Serum samples from two unrelated, clinically normal individuals lacked detectable hexosaminidase A by heat inactivation and electrophoretic analysis. In contrast, 15 and 17% of the hexosaminidase in their leukocytes and 23 and 26% of the hexosaminidase of their cultured fibroblasts had the heat stability and electrophoretic properties of the A form of this enzyme. An in vitro measurement of fibroblasts GM2 ganglioside-β-galactosaminidase was in the range expected for Tay-Sachs disease (TSD) heterozygotes (2.5 and 3.1 versus a normal mean of 3.7). In contrast, fibroblasts from a patient with TSD, analyzed in an identical fashion, contained no detectable activity. Ten days after addition of labeled GM2 ganglioside to the medium of the cultured fibroblasts, 43 and 59% of the radioactivity taken up by the cells of these patients remained as unhydrolyzed ganglioside as compared with 94% in TSD fibroblasts and 42% in control cells. An analysis of sphingolipid composition by high performance liquid chromatography although the endogenous level of GM2 was elevated in TSD fibroblasts (0.39 nmoles/mg protein) there was no increase in the cells of these patients (0 and 0.12 versus control of 0.17 nmoles/mg protein). Finally, the synthesis of hexosaminidase was examined by an electrophoretic analysis of immunoprecipitates of the enzyme precursors that had been radiolabeled by culturing fibroblasts in medium containing [3H]-leucine. These studies revealed a normal pattern of biosynthesis, processing and secretion of the α and β chains. The ratio of the α chain to the β chain, however, was in the range expected for TSD heterozygotes. Speculation: In all likelihood, these individuals suffer from a genetic or physiologic abnormality that results in the absence of hexosaminidase A in serum and a relative preservation of activity against both GM2 ganglioside and 4-methylumbelliferyl-N-acetyl-y3-glu- cosaminide in cultured fibroblasts.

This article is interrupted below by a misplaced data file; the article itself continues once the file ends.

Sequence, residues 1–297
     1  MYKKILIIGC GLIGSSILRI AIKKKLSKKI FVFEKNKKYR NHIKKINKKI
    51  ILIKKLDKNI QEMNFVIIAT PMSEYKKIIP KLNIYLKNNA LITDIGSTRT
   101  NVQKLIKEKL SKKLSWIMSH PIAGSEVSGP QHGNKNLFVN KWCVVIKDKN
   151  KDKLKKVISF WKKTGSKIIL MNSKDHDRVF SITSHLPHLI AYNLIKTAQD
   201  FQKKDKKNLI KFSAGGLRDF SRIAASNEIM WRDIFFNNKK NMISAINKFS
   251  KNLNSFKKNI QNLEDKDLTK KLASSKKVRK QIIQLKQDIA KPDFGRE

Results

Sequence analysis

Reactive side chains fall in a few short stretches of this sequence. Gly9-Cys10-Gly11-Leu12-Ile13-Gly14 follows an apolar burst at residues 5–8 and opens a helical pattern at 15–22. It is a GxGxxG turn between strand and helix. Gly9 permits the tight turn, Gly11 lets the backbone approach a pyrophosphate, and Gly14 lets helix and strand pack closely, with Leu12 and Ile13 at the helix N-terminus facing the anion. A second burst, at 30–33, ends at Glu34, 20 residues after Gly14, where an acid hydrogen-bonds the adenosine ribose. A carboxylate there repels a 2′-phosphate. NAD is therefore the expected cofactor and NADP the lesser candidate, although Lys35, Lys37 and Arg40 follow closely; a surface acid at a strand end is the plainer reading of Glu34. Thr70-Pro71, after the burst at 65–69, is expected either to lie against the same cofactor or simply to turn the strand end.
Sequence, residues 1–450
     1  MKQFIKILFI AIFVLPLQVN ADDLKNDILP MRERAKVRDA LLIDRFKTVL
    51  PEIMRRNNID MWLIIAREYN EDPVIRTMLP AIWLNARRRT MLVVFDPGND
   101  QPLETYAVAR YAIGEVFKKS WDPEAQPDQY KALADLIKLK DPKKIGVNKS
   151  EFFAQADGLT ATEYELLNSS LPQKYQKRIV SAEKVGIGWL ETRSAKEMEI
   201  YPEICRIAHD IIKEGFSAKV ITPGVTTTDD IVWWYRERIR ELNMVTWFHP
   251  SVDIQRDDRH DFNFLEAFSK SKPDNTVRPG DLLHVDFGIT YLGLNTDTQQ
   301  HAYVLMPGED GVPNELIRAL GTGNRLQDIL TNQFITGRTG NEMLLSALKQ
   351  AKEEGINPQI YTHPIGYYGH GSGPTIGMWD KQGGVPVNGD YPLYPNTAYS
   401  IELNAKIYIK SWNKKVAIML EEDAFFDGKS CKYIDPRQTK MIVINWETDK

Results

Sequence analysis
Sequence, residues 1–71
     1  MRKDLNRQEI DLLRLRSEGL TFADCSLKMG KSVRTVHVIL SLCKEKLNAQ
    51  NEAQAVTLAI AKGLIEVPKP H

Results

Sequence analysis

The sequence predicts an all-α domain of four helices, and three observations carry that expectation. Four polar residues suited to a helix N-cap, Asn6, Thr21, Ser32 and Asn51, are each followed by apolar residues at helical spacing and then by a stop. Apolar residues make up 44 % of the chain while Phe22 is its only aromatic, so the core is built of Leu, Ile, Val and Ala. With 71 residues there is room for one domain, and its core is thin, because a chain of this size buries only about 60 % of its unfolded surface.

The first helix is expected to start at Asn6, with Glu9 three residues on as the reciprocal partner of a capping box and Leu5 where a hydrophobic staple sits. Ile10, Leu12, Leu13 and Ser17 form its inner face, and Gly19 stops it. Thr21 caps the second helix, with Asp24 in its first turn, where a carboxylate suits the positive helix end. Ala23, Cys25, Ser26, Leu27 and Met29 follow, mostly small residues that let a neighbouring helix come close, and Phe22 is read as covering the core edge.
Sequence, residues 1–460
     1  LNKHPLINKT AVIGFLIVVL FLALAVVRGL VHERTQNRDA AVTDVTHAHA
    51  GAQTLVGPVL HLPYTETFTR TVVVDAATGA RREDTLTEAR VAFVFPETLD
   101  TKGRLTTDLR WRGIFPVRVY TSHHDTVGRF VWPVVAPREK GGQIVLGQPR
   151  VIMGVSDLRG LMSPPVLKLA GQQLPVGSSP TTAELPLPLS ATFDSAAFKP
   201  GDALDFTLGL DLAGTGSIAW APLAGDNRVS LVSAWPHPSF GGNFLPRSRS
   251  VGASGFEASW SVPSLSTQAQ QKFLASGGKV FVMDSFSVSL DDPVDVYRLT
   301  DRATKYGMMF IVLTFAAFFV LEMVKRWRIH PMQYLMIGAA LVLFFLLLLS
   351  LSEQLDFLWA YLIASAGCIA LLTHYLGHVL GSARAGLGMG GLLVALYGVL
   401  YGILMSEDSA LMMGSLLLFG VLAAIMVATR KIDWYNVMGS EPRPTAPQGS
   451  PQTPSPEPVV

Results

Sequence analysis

ASJC Scopus subject areas
- Pediatrics, Perinatology, and Child Health